On 21 July this year, David Cameron, on a visit to the US, discussed the extradition case of computer hacker Gary McKinnon with President Obama and the possibility of any prison sentence being served in the UK. Cameron’s intervention came just two months after Home Secretary Theresa May decided to halt legal proceedings against McKinnon while she reconsidered the case. These stances by the new Coalition Government have been welcomed all round by the British public. After almost a decade of British subservience under the Labour government, it seems that British leaders are now standing up for the rights of their citizens.
But are they? Today marks the 6th anniversary of the arrest and detention of Babar Ahmad, another British citizen facing extradition to the US under the Extradition Treaty 2003. This treaty allows for British citizens to be extradited to the US without the need to show a prima facie case, i.e. there is no need to show any evidence prior to the extradition taking place. Although both Ahmad and McKinnon face extradition under the same treaty, there are significant differences in their cases.
McKinnon stands accused of hacking into 97 American military and NASA computers, causing damage that the US government claims will cost more than $700,000 dollars to repair. Ahmad is accused of running a family of websites which the US alleges provided material support to the Taliban and Chechen fighters waging a secessionist war against Russia long before 9/11. The US alleges that one of the several dozen computer servers on which the websites were hosted was located in the US for approximately 18 months from early 2000, hence their interest in Ahmad.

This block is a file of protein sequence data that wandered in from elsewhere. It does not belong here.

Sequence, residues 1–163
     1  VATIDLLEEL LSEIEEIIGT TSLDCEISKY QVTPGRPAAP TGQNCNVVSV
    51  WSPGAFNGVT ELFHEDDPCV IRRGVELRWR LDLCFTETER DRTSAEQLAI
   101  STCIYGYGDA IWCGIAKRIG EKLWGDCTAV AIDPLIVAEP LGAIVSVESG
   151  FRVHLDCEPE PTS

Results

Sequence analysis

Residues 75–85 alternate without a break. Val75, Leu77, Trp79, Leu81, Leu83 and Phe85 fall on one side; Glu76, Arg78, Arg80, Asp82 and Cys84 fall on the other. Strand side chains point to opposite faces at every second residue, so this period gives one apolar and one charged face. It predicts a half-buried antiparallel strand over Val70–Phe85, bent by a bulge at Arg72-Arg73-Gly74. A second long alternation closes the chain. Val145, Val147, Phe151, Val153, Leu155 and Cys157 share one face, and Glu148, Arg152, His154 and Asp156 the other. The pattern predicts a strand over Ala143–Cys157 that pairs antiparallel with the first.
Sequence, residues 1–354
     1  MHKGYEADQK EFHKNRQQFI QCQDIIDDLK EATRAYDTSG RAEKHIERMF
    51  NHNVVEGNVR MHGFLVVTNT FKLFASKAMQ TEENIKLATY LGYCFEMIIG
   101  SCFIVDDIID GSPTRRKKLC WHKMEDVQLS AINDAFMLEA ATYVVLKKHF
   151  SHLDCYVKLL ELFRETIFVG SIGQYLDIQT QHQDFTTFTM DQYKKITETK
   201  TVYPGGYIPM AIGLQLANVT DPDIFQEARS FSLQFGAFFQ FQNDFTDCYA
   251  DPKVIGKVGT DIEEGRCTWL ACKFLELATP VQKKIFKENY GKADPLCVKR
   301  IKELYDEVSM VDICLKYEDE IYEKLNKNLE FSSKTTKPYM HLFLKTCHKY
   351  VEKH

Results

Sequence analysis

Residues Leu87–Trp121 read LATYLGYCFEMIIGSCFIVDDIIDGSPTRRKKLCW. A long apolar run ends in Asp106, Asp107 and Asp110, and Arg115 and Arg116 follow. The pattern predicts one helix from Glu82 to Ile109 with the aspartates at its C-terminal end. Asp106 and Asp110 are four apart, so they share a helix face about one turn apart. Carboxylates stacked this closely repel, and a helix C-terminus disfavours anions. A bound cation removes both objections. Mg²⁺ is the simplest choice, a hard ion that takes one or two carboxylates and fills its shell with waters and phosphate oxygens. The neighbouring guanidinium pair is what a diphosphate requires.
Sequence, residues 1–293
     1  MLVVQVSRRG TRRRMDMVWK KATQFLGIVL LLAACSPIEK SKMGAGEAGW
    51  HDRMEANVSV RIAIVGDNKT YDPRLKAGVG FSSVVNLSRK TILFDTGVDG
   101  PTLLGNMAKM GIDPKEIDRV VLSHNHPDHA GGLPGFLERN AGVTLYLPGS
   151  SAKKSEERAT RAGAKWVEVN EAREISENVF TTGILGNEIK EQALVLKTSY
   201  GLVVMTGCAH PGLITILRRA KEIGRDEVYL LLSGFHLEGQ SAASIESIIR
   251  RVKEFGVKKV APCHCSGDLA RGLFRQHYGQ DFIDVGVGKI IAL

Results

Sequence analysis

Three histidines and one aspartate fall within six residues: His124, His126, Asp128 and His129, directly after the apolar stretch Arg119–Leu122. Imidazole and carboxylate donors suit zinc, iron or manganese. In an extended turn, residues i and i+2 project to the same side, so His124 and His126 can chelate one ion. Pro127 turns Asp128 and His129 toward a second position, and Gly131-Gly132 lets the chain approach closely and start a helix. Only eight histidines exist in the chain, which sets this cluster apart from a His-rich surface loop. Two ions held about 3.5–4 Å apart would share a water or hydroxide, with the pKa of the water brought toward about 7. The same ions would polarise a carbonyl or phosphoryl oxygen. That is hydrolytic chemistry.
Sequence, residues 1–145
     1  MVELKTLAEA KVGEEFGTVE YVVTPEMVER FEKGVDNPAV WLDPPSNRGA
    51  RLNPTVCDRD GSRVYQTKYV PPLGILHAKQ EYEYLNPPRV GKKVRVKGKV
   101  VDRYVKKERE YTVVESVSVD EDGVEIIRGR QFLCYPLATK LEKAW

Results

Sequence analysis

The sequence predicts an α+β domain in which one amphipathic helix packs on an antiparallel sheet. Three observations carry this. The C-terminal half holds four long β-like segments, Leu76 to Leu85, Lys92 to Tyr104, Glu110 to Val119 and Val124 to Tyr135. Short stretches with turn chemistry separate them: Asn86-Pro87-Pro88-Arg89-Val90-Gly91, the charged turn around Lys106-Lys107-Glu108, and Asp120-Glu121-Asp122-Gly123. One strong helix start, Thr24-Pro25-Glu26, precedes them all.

Unlike McKinnon, who has been a free man while he fights his legal battle, Ahmad has been imprisoned without charge in maximum security prisons for the past six years and has effectively already served a 12 year sentence. For over one year, he has been detained under a particularly harsh regime whereby he is unable to communicate with any other prisoners except the five other extradition detainees in his unit. While David Cameron has privately and publicly discussed the possibility of McKinnon serving his sentence in the UK, his vow of silence with respect to Ahmad is deafening to the ears of the Muslim community. Talk of double-standards and a dual track system of justice, already common within the community, are only exacerbated by Cameron’s behaviour.
If anything, for the government to take a principled stance on Ahmad’s case is far easier than on McKinnon’s. McKinnon admits hacking into the American government computer system. Ahmad has never been given the opportunity to answer a single allegation against him. The US states that the websites Ahmad stands accused of running first went online in 1997 and closed permanently in June 2002. Therefore, since 1997, the US has known about these websites and that they were based in the UK. Yet no action was taken until August 2004, after the new Extradition Treaty came into force under which no evidence was required. Under the old extradition treaty, Ahmad would have been able to challenge the evidence against him in court – no such luxury this time round.